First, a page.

10 African Dwarf Frog Tank Mates

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The African Dwarf Frog is a fun pet to have. They’re energetic, easy to care for, and they do well with other tank mates. In fact, this little frog is so friendly and peaceful that it even gets along with different species! You can house it together with other frogs, or even with some equally peaceful fish and other critters.

But you’ll have to consider a few factors when choosing some unique tank mates for your dwarf frogs. First, like other aquatic species, the African dwarf frog has specific water parameters. These include 72-82 °F temperature, 6.5-7.8 pH, and 5-20 dGH. Besides that, you’ll also have to consider species size, tank space, personality, and diet.

The tank mates you choose must be similar or at least compatible in all of these aspects. Dwarf frogs grow up to 2-3 inches at most. You’ll need around 5 gallons of water for each frog and additional space for each new tank mate. In the aquarium, they spend most of their time at the bottom where they camouflage into the substrate.

These frogs are docile and shy around feisty tank mates, so they’ll need plenty of room to hide. They’re omnivorous but will eat primarily meaty foods and even high-protein fish flakes and pellets. Considering all of these factors, here’s a list of the most compatible tank mates for your frogs:

1. Guppies

Guppies are a cheap, colorful, and low-maintenance addition suitable for any community tank. They’re docile and peaceful. They get along with all other friendly tank mates, frogs included! Just remember that Guppies are on the smaller side. They can measure anywhere between 0.5-2.4 inches.

You’ll have to only select the largest Guppies for an African dwarf frog tank. A fish that’s at least 1.5 inches long is unlikely to get accidentally eaten. Guppies need to be kept in groups of at least 3 fish. They’re very sociable and they need the company of other guppies. But one big advantage of this species is its low space requirements.

You’ll need just 7 gallons of water for 3 Guppies, plus 1 additional gallon for every extra fish. In the tank, Guppies swim freely in all levels of the water column. But they spend most of their time closer to the water surface, where they also feed. Speaking of which, Guppies are omnivorous.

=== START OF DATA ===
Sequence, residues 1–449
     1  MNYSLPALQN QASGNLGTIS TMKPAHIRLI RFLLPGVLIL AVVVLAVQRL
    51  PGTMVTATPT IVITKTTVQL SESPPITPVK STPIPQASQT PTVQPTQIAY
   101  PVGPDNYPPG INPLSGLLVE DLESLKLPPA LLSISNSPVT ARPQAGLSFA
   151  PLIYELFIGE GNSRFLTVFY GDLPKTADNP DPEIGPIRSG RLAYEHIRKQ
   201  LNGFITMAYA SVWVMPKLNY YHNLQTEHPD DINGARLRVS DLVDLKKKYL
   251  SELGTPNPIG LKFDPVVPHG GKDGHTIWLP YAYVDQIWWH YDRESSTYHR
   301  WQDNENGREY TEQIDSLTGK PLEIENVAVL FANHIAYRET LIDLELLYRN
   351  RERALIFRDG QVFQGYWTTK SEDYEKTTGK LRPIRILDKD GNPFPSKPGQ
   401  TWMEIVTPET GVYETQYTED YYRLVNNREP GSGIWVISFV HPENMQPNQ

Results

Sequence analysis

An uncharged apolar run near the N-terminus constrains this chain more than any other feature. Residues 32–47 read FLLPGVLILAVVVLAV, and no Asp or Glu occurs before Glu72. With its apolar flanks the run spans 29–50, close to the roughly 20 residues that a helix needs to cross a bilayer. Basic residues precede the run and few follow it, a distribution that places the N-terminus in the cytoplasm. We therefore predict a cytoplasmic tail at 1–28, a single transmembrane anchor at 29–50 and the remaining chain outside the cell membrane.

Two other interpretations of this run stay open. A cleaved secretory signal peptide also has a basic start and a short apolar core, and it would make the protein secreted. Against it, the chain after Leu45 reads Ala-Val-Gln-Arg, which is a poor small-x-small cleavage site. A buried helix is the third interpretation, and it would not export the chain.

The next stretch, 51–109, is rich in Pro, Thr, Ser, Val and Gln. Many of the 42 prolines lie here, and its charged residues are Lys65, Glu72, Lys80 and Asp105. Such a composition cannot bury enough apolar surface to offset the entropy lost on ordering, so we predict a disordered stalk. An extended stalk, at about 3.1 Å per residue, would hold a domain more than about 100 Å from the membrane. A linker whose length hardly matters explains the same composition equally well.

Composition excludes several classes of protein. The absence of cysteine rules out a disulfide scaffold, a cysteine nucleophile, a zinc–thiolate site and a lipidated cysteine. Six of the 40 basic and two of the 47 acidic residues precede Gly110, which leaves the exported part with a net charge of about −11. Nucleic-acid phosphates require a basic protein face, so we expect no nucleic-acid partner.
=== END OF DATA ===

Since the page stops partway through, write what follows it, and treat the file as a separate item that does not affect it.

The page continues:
They enjoy the same foods as the dwarf frogs. A combination of high-protein fish flakes, live or frozen foods like bloodworms and brine shrimp, and the occasional algae wafer will keep both Guppies and the frogs happy. As for water parameters, Guppies require 74–82°F temperatures, 6.8–7.6 pH, and 8–12 dGH.

2. Mollies

Mollies are decent-sized fish, growing up to 3.5-4.5 inches! They’re not too small, but not too large either. This makes them perfect tank mates for curious dwarf frogs. Like other livebearers, Mollies are very peaceful and friendly. They get along well with non-aggressive tank mates.

Mollies are also sociable and like swimming in groups of four or more fish. You won’t need a lot of space for them though. For a group of 4, just 10 gallons is enough. For each extra Molly, you’ll need 3 additional gallons worth of aquarium space.

Mollies swim in the top layers of the aquarium, close to the surface. They won’t interact much with bottom-dwelling frogs. However, you should consider adding some tall-growing plants. These provide hiding spaces for the shy Mollies. They might get startled when the frogs dart up to the surface for fresh air.

As for their diet, Mollies are omnivores. They need a balance of algae and other greens, high-quality flakes, and live or frozen foods (bloodworms, daphnia, brine shrimp, etc). They’re very adaptable to various water parameters but thrive in 72–78°F temperatures, 7.5–8.5 pH, and 15–30 dGH.

3. Platies

Platies are easy to find and easy to care for. This 3-inch fish is very hardy and adaptable to various aquarium conditions and tank mates. Platies are also very sociable and active. They like being in groups of 5 or more fish. They spend most of their time darting around and playing.